Unwritten Law's Scott Russo Takes Us on His Mushroom-and-Tequila Disneyland Adventure

"Hold on, I'm buying tequila."

These are the first words that Unwritten Law singer Scott Russo says after answering his phone for a New Times interview. In the background he asks a liquor store clerk for advice on the bottle that offers the best bang for his buck and ultimately deciding to go with the recommendation: Camarena.

"We have chocolate mushrooms and we're going to Disneyland -- it's going to be awesome," Russo tells me -- plus, tequila now too, apparently. "Oh, Hollywood," he adds, wryly.

Russo wastes no time in revealing the other member of "we" in his planned psilocybin-and-blue agave Disneyland caper: "I'm with my ex-girlfriend, Tara Holt, right now; do you ever watch that show Californication? She's Melanie in Californication," he says before putting Holt on the phone.

"Nobody knows," Holt says when I ask her what in the world she's doing with Russo, "but it's provocative!"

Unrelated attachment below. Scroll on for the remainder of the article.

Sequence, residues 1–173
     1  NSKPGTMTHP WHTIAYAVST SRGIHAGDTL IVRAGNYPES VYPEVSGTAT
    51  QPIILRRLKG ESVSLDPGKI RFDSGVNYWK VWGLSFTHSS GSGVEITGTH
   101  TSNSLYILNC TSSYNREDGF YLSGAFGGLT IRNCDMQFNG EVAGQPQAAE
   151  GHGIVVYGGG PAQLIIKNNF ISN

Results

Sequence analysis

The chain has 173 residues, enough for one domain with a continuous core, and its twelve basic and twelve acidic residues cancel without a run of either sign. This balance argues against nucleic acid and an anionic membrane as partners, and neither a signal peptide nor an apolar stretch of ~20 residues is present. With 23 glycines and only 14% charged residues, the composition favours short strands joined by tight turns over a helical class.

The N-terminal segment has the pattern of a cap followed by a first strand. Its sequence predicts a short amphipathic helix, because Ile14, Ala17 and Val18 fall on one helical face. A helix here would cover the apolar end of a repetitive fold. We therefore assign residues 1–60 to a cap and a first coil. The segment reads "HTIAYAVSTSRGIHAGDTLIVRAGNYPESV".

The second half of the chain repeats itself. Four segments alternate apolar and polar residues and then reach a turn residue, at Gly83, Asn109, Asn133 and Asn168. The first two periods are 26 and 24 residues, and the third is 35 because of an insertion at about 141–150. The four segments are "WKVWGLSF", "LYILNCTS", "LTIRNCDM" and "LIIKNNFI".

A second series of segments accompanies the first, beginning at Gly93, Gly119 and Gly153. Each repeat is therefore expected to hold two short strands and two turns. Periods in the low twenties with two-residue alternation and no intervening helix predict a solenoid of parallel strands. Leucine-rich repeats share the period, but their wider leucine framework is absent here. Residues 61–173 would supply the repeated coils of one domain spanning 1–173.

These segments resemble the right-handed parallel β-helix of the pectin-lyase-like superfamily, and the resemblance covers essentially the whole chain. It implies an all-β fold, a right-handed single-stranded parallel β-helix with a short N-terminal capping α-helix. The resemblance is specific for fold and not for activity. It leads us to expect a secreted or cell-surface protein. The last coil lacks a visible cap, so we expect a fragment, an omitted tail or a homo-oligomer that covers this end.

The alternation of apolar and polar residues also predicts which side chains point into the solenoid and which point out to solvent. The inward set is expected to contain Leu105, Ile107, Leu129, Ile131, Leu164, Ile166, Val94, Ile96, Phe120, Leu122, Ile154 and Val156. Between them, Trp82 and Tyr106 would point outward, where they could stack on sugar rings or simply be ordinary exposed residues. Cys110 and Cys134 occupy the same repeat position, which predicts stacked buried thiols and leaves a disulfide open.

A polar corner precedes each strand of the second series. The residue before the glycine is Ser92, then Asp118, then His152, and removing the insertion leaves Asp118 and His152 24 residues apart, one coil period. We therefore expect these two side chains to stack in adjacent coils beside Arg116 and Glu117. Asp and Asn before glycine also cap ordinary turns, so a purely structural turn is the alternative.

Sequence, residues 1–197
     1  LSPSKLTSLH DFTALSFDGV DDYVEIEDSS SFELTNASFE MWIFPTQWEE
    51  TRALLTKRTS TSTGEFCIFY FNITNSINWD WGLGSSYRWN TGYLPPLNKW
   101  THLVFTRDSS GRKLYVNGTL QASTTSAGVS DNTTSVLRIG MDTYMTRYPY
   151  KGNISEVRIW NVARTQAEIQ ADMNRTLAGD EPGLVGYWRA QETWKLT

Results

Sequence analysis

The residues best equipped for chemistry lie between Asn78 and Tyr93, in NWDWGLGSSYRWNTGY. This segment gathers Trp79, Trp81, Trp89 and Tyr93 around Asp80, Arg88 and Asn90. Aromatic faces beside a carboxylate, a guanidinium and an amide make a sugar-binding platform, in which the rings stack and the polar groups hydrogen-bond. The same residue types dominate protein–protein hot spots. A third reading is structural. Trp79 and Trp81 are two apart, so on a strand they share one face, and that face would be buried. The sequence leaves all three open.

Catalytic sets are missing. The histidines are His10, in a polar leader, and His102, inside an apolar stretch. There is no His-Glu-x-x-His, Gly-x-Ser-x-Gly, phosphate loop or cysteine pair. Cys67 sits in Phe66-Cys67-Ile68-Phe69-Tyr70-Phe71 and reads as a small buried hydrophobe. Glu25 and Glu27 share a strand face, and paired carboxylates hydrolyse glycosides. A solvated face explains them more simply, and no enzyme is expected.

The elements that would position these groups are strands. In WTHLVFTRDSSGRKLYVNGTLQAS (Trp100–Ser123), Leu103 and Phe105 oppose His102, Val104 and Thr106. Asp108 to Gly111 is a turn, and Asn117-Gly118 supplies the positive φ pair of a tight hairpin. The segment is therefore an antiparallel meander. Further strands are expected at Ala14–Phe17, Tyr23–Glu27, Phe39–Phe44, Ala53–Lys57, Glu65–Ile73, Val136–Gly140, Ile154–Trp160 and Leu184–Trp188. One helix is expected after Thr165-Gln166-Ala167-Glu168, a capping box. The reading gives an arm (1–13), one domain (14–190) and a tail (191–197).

Later in our conversation Russo elaborates further on his evening by saying that mushrooms are a heavy commitment and that "I have to be in a secure place to even do mushrooms as a whole, but these little chocolate joeys are amazing." It is, however, with that perfect rock 'n' roll-esque salutation that I am first introduced to Russo. It served as a great prologue for the ensuing conversation, during which we examined the more than two-decade history of his pop-punk/rock quartet, Unwritten Law -- featuring Russo, founding member and recently returned drummer Wade Youman, guitarist Chris Lewis, and bassist Jonny Grill -- born and bred in San Diego, California.